An underground network of psychedelic temples hidden under the Alps celebrates humanity

Under the Alps

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WRITTEN BY: TREVOR HEWITT

Hidden 30 metres below ground behind a secret door for over a decade, the Temples of Humankind are as beautiful as they are shrouded in mystery.

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Stretching hundreds of metres across, the eight connected rooms take up almost 8,500 cubic metres – almost twice the size of the Elizabeth Tower that houses Big Ben in London.

Created by the Federation of Damanhur, a spiritual community and eco-village located in northern Italy, the temples are a testimony to the wondrous creativity and spirituality of humans.

Stretching hundreds of metres across, the eight connected rooms take up almost 8,500 cubic metres.

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It all began with Damanhur’s founder, Oberto Airaudi, who was born in 1950. Airaudi, who prefers to go by the name Falco, claims he’s had quite the childhood. On top of the ability to heal physical pain of friends and family, he claims to have received blueprints for the Temples of Humankind from an alien spaceship on the Monti Pelati hills of Italy.

Damanhur’s founder, Oberto Airaudi, who goes by Falco, claims to have received blueprints for the Temples of Humankind from an alien spaceship on the Monti Pelati hills of Italy.

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When he was older, Falco entered the work force as an insurance broker with limited success, however it was his penchant for the supernatural that would lead him to his next career, the “study of bioradiant energy and paranormal phenomenon.”

By 1975, Falco was a spiritual healer, medium and parapsychologist working with some like-minded friends out of the Horus Center for Parapsychological and Esoteric Research in Turin, Italy, which he founded. It was also at this time that he began the Federation of Damanhur, beginning the search for his perfect site to build the temples from his childhood visions. The plan was for the temples to be a “gift to humanity” once they were complete.

In 1977, he found the site; a remote hillside located in the Piedmont region of northern Italy, where he felt the rock was hard enough to sustain the temples foundations.

The plan was for the temples to be a “gift to humanity” once they were complete.

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Falco had a house built on the hillside for himself and the growing number of members who had joined Damanhur, named after the Egyptian city. Excavating by hammer and pick, Falco had his members begin hollowing out the mountain in August 1978 under the guise of the construction of a cellar. Aside from a ceremonial tap into the rock from time to time, Falco did essentially no digging himself. To hide the sound of the dig, Damanhurians would often pretend to throw parties. It took over a decade to complete, but in 1991, with the temples all but finished, the village had another problem – the cops.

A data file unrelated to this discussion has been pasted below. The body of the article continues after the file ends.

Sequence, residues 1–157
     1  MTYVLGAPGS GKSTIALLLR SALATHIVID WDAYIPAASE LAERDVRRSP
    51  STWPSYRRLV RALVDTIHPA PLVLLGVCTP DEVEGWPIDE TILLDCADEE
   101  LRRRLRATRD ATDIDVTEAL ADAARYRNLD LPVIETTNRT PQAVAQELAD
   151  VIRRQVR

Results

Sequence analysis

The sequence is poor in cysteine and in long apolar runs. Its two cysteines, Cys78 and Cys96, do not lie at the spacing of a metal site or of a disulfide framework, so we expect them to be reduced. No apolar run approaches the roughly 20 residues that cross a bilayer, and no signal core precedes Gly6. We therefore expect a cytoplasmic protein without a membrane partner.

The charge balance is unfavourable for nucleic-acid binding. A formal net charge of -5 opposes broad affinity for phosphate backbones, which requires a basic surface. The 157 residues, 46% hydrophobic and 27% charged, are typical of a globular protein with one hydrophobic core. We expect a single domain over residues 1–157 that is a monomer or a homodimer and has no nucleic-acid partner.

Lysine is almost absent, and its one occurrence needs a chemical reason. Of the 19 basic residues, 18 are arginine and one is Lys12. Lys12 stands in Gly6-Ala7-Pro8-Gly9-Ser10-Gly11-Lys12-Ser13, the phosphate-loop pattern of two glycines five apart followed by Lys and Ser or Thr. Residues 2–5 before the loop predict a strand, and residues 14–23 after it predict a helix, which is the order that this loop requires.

After already coming the year before to investigate alleged tax invasion, Italian authorities returned to Damanhur in 1992 on a tip that there was a series of temples hidden within the mountains. State prosecutor Bruno Tinti memorably proclaimed, “Show us these temples or we will dynamite the entire hillside.” At this point, Falco obeyed the authorities’ orders and led them to the secret door used as an entrance to the first temple – the Hall of the Earth. The policemen were initially hesitant, but upon entering the temple, they were astonished.

In 1991, with the temples all but finished, the village had another problem – the cops. The prosecutor proclaimed, “Show us these temples or we will dynamite the entire hillside.” Falco obeyed the authorities and they were astonished.

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As Falco led the authorities throughout the connected rooms, they repeated their initial reaction with each new room they came into. Some had ceilings over seven metres tall, while others were covered in mirrors or walls of gold. Upon exiting the temples, Tinti put his hand on Falco’s shoulder, “We must do something to save the temples.” Under Italian law, it is illegal to build underground without planning or permission.

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Almost immediately after the temples’ existence was made public, the Catholic Church demanded they be destroyed. However, through a number of legal battles and international support garnered for the temples, mainly through widespread media attention, the Italian government ended up changing the laws to allow Damanhur to continue construction of the temples, after paying somewhere between $100 and $150 million lira (or $120,000 Canadian) in retroactive building taxes.

The Italian government ended up changing the laws to allow Damanhur to continue construction of the temples.

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We’re lucky that the Italian government decided to keep the temples intact, because they’re some seriously beautiful feats of architecture. Damanhurians say that the Temples of Humankind are meant to represent a profound journey inside oneself. If so, our insides must be seriously trippy.

Image sources: dreamsofdamanhur.com, damanhur.org, dubibiza.com, lightmediation.net, blogspot.ca, exsees.com, damanhur.org